In Estate of Keener, two heirs of a trust settlor filed an application to declare heirship. No. 13-18-00007-CV, 2019 Tex. App. LEXIS 1222 (Tex. App.—Corpus Christi February 21, 2019, no pet. history). The beneficiary of the trust filed a plea in intervention in the heirship proceeding, but the trial court denied his intervention. The trust beneficiary filed an appeal of that order. The trust was styled a “gun trust.” The attorney who drafted the trust document advertised “NFA gun trusts” at gun shows across Texas. “In his promotional materials, Crownover advertises his gun trusts as vehicles used to easily transfer federally regulated firearms upon death and also as a way to legally share the use of a federally regulated category III asset, such as a silencer or suppressor, among multiple individuals. The terms of Crownover’s trusts, however, do not limit the trust property to only firearms.” Id. Under the terms of the trust, the settlor could add any real and personal property to it, and the trust did not specify how property was to be added.

The court of appeals first described the concept of a trust:

A trust is a mechanism used to transfer property. Generally, to create a trust in real or personal property, the terms of the trust must be in writing and be signed by the settlor or the settlor’s authorized agent. An inter vivos trust is a trust that is created and takes effect during the settlor’s lifetime. An inter vivos trust is typically created by (1) a declaration of trust, by which the property owner establishes a trust and declares himself or herself to be trustee, or (2) an agreement of trust, by which the property owner establishes a trust and names a third party to be the trustee. Also, a trust cannot be created unless there is trust property [], and the settlor must manifest an intention to create a trust. However, no testamentary intent is required for an inter vivos trust. When a valid trust is created, the beneficiaries become the owners of the equitable or beneficial title to the trust property and are considered the real owners. The trustee is vested with legal title and right of possession of the trust property but holds it for the benefit of the beneficiaries, who are vested with equitable title to the trust property. Acceptance by the trustee of an interest in a trust is presumed. Finally, “[p]roperty may be added to an existing trust from any source in any manner unless the addition is prohibited by the terms of the trust or the property is unacceptable to the trustee.”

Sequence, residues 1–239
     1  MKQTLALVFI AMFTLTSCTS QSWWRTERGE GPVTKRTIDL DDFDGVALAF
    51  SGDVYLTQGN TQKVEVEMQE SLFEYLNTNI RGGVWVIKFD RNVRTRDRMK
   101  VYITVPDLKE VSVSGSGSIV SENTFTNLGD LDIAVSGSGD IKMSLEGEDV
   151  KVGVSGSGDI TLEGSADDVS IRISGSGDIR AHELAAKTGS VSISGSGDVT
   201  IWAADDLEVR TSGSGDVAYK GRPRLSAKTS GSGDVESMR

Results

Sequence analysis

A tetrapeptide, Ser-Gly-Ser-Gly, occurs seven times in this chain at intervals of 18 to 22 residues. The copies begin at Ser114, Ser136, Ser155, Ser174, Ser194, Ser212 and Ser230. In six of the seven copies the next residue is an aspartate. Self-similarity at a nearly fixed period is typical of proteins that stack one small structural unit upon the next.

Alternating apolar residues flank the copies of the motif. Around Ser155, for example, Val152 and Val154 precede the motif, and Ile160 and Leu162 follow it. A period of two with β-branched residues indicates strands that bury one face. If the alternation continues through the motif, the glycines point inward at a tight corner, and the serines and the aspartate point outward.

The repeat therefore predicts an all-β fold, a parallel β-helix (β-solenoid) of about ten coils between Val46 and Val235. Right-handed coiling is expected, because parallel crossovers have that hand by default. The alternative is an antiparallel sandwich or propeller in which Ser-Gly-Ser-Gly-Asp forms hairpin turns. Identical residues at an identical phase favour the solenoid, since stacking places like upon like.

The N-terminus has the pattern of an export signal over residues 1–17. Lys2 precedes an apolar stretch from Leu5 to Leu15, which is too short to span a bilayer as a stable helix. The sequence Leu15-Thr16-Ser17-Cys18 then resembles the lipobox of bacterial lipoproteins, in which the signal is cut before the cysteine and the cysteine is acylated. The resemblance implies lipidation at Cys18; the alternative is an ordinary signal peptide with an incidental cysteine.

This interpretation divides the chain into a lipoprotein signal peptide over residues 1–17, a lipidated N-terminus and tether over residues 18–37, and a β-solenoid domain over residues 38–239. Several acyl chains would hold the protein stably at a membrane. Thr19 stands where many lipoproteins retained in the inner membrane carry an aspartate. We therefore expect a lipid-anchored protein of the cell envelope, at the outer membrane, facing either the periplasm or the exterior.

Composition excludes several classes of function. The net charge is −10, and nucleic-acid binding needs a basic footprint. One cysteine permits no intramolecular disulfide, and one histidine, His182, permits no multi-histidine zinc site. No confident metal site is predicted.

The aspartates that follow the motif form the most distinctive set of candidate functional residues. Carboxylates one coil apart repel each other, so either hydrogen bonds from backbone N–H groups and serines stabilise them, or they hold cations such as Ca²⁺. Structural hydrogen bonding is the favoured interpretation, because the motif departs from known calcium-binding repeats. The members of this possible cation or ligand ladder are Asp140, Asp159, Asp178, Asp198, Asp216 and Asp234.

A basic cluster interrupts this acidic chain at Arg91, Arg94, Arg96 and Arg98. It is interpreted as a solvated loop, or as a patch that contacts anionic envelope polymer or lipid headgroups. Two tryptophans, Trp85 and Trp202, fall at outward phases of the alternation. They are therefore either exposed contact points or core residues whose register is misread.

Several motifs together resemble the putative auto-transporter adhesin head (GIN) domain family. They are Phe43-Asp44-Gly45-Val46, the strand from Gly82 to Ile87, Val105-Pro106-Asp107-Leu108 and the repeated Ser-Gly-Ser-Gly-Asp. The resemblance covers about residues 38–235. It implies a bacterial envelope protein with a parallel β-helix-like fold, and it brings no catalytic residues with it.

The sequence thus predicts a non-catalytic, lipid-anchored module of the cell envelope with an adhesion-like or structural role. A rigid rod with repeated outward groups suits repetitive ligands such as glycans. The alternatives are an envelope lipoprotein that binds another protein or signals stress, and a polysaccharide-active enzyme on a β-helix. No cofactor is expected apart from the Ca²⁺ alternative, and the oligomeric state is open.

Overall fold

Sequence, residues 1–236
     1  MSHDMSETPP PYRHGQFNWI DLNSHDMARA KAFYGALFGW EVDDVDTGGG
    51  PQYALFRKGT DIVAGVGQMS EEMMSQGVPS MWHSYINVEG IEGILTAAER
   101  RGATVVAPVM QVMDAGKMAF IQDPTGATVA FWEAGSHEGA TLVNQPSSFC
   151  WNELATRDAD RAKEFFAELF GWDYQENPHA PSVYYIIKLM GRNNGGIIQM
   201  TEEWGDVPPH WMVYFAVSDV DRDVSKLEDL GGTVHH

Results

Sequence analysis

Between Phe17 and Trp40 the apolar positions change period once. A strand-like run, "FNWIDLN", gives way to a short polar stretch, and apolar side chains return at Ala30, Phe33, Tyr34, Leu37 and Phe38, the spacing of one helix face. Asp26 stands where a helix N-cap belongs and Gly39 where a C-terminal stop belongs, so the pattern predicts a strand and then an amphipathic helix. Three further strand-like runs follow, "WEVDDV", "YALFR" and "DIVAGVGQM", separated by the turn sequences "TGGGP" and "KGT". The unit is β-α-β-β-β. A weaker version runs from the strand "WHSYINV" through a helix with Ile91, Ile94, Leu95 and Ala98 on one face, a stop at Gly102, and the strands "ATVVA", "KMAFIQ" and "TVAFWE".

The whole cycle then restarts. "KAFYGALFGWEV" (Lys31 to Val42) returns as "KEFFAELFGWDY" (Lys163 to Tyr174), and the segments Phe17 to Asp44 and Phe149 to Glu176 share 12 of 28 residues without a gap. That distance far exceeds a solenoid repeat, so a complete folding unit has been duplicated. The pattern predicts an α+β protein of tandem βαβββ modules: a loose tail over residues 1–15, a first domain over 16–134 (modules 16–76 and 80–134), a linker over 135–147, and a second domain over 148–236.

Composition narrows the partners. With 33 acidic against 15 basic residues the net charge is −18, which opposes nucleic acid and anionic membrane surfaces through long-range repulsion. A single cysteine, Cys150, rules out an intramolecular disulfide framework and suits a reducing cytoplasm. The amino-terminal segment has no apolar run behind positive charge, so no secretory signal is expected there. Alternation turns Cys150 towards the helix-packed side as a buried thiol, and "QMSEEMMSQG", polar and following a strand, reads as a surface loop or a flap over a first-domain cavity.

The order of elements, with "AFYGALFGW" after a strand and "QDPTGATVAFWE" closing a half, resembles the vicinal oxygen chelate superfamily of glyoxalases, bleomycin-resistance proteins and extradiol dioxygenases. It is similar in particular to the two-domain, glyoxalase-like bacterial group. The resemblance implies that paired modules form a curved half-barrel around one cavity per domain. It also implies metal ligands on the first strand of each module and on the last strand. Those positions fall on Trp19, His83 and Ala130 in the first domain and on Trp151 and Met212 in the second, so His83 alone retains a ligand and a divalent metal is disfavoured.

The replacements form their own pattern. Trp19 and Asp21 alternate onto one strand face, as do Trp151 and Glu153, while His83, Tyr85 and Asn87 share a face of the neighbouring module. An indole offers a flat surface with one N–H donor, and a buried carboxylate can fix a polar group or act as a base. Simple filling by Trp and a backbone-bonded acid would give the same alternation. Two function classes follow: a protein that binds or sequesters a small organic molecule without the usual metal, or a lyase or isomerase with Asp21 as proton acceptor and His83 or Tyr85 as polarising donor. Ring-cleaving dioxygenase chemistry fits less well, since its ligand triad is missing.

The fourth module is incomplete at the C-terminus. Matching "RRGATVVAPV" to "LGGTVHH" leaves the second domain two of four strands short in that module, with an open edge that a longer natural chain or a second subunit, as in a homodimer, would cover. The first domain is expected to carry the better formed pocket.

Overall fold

The beneficiary alleged that he was the owner of the property that the heirs sought to inherit because the settlor placed the disputed property in the trust and pointed to Schedule A of the trust for this proposition. The court of appeals agreed: “Our review of the record shows that Yarter is the beneficiary of a trust established by Keener, it is undisputed that a valid trust exists, and the trial court correctly issued a finding that a trust was established.” Id. The court noted that the trust documents also did not limit the purpose of the trust or state that it was intended to only hold firearm-related property. Thus, the heir’s argument that the trust was not intended to transfer anything more than the suppressor necessarily failed. The court held that as the beneficiary of a trust, the beneficiary was an interested person under the Texas Estate’s Code and was the owner of any property that was placed in the trust. “In other words, he has a claim against the property in Keener’s estate that appellees seek to inherit.” Id. The court found that there was a fact issue as to the overall property in the trust and whether Schedule A added any property to the trust. The court concluded that the beneficiary established a justiciable interest in the proceeding and that the trial court failed to follow controlling legal precedent. The trial court erred in denying his plea in intervention.